Plant based veggie dinners

Plant based veggie dinners

Whether you're a vegan, s...

Thank god for stuffed crust pizza

Thank god for stuffed crust pizza

The basement door opened ...

Secret to shelling beans

Secret to shelling beans

Unlike pole and bush bean...

Sit less, play more is controversial?

Sit less, play more is controversia…

In case you missed it, th...

Fear not the fish head

Fear not the fish head

When it comes to heads, t...

What to do with fresh peaches

What to do with fresh peaches

Taking a bite of a sweet,...

Most expensive burger

Most expensive burger

How much would you pay fo...

Prev Next
Restaurant lunch highlights:

Bringing the farm home, April 18, 2012

Bringing the farm home, April 18, 2012

Seed starting key to prize winning plants

FarmerBubbaLOGO3By Farmer Bubba Scott

Aloha ya'll!

Okey dokey ya'll. It's time to talk about seed starting.

Even though most of you already have your gardens planted, it's still OK to start seeds growing.

On the farm, I start new seeds growing every week. Some seeds are for back up plants, others to keep the growing season alive until next year. There's just something about starting seeds that's hard to explain. When someone buys plants and something happens to the plant, they go out and buy more plants. Not the case with seed starting. If I have low germination, there's something wrong and I ask questions!

When I start a seed, it breaks through the dirt and becomes a plant. It's up to me to get it to the harvest. If I start 72 seeds and 1 seed makes it through the dirt, it's not how many seeds I started with, the seed becomes a plant I need to take care of.

I'm going to show you how I start seeds on my farm and what I start them in. If you're successful at starting seeds, keep doing it the way it works for you. I'm showing readers what has worked for me for the past 30 years.

041812SeedlingsFACT: Some gardeners can start plants from seeds and others cannot. Gardeners who can't start a seed, buy from those folks who have seed starting success.  So for all those CAN'Ts who want to be CANs and take the big leap into seed starting, here we go.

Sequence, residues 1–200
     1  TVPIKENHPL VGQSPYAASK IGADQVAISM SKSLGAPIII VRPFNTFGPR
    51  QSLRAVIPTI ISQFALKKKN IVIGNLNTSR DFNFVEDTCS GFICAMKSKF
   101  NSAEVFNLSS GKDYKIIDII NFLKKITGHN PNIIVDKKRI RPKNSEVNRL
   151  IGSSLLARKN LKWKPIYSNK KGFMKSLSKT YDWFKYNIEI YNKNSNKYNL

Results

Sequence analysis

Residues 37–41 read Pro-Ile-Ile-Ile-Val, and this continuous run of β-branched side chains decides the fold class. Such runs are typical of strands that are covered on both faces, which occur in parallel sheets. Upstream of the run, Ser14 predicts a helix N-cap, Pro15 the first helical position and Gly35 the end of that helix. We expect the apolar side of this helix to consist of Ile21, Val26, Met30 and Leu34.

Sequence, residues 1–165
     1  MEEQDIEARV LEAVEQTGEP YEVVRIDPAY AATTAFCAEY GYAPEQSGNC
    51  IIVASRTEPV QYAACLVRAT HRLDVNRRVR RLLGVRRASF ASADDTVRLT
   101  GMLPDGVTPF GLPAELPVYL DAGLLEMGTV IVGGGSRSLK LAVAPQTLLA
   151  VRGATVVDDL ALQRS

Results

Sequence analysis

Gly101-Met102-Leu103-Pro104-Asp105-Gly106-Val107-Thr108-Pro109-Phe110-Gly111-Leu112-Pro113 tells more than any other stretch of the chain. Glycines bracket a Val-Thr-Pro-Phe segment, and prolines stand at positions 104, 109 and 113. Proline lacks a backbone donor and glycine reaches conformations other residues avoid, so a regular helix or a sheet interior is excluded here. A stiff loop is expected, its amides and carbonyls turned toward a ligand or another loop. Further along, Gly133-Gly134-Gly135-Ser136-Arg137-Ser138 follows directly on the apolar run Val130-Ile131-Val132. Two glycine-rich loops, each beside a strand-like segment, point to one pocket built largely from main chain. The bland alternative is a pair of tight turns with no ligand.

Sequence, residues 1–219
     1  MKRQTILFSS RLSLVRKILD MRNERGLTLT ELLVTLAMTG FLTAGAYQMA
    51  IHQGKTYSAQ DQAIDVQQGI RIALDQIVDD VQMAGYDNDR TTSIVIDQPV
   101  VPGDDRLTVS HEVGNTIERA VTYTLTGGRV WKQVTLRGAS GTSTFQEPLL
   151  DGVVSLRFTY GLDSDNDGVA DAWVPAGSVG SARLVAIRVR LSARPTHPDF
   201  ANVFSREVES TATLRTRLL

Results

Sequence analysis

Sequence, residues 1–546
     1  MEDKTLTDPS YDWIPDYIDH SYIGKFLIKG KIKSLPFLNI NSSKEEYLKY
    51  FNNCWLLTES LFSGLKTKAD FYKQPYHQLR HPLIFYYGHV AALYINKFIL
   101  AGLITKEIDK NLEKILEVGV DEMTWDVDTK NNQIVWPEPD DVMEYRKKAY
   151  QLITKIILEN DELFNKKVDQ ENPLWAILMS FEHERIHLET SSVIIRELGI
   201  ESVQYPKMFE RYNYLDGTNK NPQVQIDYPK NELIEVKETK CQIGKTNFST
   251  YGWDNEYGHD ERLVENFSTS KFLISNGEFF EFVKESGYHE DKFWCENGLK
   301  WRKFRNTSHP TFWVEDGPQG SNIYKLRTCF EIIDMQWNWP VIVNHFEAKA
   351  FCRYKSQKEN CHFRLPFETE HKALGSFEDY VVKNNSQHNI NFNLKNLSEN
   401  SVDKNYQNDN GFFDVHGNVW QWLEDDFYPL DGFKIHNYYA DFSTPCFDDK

There are three things you need to get seeds started:

Seeds - Seeds will either make you happy when you plant them or make you want to quit gardening after 3 weeks with no germination. If you buy bulk seeds (not packaged),make sure you know where you're getting the seeds from. Ask questions like, How long have they been keeping them stored before you buy the seeds? The fresher the seed, the better. Also check where the seeds are being kept. Storing seeds in a warm area is bad for the seed. Seeds should be stored in a cool place--out of sunlight.

041812BubbaSeedsThere is a way to check if your seeds are good or bad. Get a bowl and put a napkin or paper towel in it and wet it down. Place 10 seeds in the bowl. Keep the napkin moist at all times. Germination is when the seed breaks through the dirt and starts its life as a plant. Germination starts with a little white tail coming out of the seed. This is the root. Normally you should t see a root after 4 days of soaking the seed.  If you don't, wait until the 7th day.  If you still don't see a root, the seeds are probably old. If you get 5 roots out of the 10, your germination is 50%. Not bad, but I'd question the seed company. Also, when you purchase seeds, remember:  If the seeds are in a warm location, that is a red flag. A good germination percentage would be over 80%. That means 8 out of 10 seeds make plants. For me, I want above 90% germination rate.

Starter trays - Starter trays vary in size, number of seed beds, and how they are made. I usually use a styrofoam tray with 72 seed beds. You can also use the familiar 6 pack or 4 pack seed trays. Old egg cartons make fine seed starting trays. Just remember to make some drain holes in the bottom of the carton before you load it up with starting mix. Commercial seed trays already have drain holes

Seed starting mix - I create a seed starting mix by combining peat and compost seed mixture and blend them myself. I've been using this same starter mix for as long as I can remember. It's my half and half recipe:  half peat and half compost.